Over the last few weeks the phrase “Broken Mended” keeps following me around like a puppy. And just like a puppy, it won’t be ignored for very long. At some point, you just have to stop and pay attention to figure out what it is trying to tell you. Recent posts have focused on tending to our hearts needs: grief, betrayal, facing our shadow selves, and courage. Today is about being broken; as to be human is to have experienced the breaking of our hearts.
So, how do we mend our hearts and what do they look like once we piece them back together?
The Whidbey Island sculptress, Sue Taves, held an exhibition several years ago titled “Broken Mended Hearts.” She spent many hours carving beautiful hearts out of various pieces of stone: granite and quartz. Each heart was perfect in the skill level required to craft it. There were no cracks or chips, a hard feat to accomplish in any stonework. Sue could have easily sold each heart as a perfect object or displayed them in a fine art gallery. Instead, she chose to blow them apart. And then restore them. The results were dynamic.
Kintsugiis the Japanese art of taking broken pottery and mending it with silver, gold, or platinum. Often, the new piece is far more breathtaking than the original, assumed-perfect item. Kintsugistems from the 15thcentury and is closely associated with the Japanese philosophy wabi-sabi, which, in short, underscores the innate beauty of that which is imperfect. Instead of striving for perfection, an understanding and acceptance of the flaws in nature, and ourselves are acknowledged. Sue’s exhibition was a take on this ancient practice but instead of using pottery, she used the symbol of the heart.
Perfection, I believe, is a dis-ease within American culture. Having grown up in Australia and having lived in both England and the Netherlands, the push for perfection seems to be predominantly forced upon American children, where it continues to grow along with them into adulthood. Here, children are pressured to fill every waking hour with a variety of extracurricular activities, leaving them both stressed and exhausted at a young age.
The culture as a whole is also out of balance with an unrealistic need for perfection, resulting in the fragility of soul. Challenges will always present themselves and we often need to dig deep inside of ourselves to overcome them. But working with unachievably high expectations and crammed calendars, where perfection without failure is the path does not make for a healthy child or for a healthy nation. The dis-ease, is the inability to be at ease, with imperfection yours or mine.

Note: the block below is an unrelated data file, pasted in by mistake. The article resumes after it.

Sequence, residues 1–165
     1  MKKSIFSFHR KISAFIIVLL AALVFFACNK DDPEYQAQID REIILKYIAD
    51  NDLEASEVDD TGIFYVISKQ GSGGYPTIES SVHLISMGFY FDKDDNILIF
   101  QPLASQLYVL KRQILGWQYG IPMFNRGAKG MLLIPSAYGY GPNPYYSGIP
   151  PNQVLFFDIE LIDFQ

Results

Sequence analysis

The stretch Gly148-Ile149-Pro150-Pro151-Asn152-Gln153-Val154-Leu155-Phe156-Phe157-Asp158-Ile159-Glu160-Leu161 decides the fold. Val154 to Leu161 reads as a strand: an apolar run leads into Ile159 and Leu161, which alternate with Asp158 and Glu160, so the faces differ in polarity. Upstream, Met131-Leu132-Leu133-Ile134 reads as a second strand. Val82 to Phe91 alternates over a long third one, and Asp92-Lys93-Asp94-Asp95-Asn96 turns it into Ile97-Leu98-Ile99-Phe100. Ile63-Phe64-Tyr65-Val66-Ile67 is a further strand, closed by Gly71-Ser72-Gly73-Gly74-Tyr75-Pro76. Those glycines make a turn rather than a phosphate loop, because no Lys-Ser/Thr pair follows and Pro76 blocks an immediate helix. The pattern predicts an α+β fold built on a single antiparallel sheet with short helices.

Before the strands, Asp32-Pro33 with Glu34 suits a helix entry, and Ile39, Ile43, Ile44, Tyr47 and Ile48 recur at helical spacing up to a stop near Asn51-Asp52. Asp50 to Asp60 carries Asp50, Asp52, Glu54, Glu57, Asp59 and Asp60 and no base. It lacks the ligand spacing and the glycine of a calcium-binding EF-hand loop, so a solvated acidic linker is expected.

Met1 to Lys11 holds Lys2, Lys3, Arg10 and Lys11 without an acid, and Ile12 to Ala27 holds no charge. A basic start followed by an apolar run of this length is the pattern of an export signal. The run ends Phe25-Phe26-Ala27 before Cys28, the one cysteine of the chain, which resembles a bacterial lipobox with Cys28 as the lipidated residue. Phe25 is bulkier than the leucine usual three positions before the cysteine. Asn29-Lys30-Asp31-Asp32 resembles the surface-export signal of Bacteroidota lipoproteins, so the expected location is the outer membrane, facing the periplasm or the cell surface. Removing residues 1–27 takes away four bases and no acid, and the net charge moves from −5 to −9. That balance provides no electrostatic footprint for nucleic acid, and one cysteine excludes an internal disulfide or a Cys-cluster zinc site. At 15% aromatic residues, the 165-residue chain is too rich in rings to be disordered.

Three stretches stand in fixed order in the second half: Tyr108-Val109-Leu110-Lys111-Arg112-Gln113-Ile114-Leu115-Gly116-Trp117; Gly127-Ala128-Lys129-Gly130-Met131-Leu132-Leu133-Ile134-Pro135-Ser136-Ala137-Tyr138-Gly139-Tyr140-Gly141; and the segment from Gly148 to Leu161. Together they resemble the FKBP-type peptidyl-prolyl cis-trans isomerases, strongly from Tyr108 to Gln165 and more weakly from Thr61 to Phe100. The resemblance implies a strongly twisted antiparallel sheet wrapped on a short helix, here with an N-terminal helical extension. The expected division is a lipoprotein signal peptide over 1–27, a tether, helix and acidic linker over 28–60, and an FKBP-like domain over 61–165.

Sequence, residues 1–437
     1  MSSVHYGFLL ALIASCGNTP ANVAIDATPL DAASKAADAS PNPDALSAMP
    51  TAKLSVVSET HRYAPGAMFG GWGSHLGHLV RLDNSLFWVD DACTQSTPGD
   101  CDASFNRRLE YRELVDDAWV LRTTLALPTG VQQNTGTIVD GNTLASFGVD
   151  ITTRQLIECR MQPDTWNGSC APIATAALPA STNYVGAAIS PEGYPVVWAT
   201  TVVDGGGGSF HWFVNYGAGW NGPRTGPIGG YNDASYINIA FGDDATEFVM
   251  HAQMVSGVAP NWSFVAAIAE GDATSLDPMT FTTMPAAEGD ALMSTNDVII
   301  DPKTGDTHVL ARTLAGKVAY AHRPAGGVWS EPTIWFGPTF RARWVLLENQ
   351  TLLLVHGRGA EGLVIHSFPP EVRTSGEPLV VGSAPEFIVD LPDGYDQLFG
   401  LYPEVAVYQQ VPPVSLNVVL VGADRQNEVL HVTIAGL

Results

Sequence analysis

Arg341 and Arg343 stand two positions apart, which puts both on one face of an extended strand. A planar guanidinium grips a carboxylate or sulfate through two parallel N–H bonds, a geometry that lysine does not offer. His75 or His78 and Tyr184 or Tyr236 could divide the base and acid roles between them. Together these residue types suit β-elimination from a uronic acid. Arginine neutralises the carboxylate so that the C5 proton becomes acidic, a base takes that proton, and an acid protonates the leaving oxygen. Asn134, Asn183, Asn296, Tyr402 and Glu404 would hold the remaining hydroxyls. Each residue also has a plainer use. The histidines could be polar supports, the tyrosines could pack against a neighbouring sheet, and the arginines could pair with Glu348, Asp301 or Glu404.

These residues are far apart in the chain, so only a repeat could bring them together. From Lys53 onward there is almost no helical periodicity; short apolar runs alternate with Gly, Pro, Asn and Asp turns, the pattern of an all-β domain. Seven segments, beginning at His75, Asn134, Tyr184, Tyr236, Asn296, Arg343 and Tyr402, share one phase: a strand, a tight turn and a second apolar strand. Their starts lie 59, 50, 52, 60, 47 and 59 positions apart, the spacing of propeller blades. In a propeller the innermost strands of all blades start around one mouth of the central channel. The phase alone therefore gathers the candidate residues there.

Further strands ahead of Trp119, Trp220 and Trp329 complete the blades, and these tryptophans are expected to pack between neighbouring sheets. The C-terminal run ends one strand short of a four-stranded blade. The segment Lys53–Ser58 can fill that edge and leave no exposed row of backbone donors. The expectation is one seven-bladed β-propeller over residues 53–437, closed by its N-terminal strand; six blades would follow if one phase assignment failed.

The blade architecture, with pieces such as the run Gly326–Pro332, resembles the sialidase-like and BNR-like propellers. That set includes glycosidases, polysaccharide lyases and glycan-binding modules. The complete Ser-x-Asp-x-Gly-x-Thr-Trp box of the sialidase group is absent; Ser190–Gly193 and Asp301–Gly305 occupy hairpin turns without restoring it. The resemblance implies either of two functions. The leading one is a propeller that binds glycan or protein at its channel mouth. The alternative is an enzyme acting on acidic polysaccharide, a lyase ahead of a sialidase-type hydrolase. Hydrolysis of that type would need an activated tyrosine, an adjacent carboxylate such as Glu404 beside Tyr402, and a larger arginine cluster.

When we are told by society that the broken or wounded parts of ourselves are unacceptable, we remain fragmented. Society teaches us to toss those parts off onto the scrapheap, like broken plates. But we cannot just abandon certain aspects of ourselves; so instead, we shove them down into the cavern of the unconscious where they lurk like deep-sea monsters.
There were years when barbed wire and silk threads held my brokenness together. Each twisted strand whether it be bitterness, anger, sadness, or frozenness poked out from my facade. And just like agricultural fencing, that which contained me it also made sure no one could get really close. To heal, I had to gently take that barbed wire, pull it apart, remove the silk threads interwoven with the metal, and determine what aspects they contained. This rewiring or restoration process takes time. First, is the acknowledgment that what has happened to us- has impacted us in ways that we may have difficulty articulating or talking about. Then the grieving process can take over and begin the healing process. As a result of this process, we will never again be the way we were before the situation. We will never again be whole, unchipped or uncracked vessels. And that’s the point.
Transformation happens when we find beauty in the broken pieces of our hearts and souls; when we learn to gather them up, lay them out bit by bit and examine them to see where they fit. But as importantly, it happens when we determine what material we are going to use to reconfigured our wholeness. Japanese artisans use gold, silver, or platinum. We can choose love, compassion, and joy. Or we can choose a mixture of many things, for example, by using our well-placed anger as the heat of the pottery kiln to fuel the transformation process. Hopefully, included as part of the mix of materials we choose, is also an acceptance of others and ourselves as we are¾as this is a precious healing agent in itself.
We are imperfect, perfect human beings, in an imperfect, yet perfect world.
Find a quiet space where you will not be disturbed. Place your hand on your heart and just take a three (3) slow deep breathes in and three (3) longer breaths out. Ask your heart what holds it together. Remember metaphor and imagery are the languages of the heart. Listen closely, if you are not used to conversing with your heart it may be a little shy to speak up, so you may hear it just like a whisper. Alternatively, an answer may come as a fleeting image in your mind's eye, catch it if you can and hold it as if it were a butterfly.
Once you have an image, a word, or a sound, you have found some valuable information towards your continued process of healing and imperfectly perfect wholeness.
Compassion and patience with yourself and the process are key. Our hearts hold an incredible amount of wisdom for healing ourselves and the planet.
Citations and Links where available:
Sue Taves. https://www.suetavessculpture.com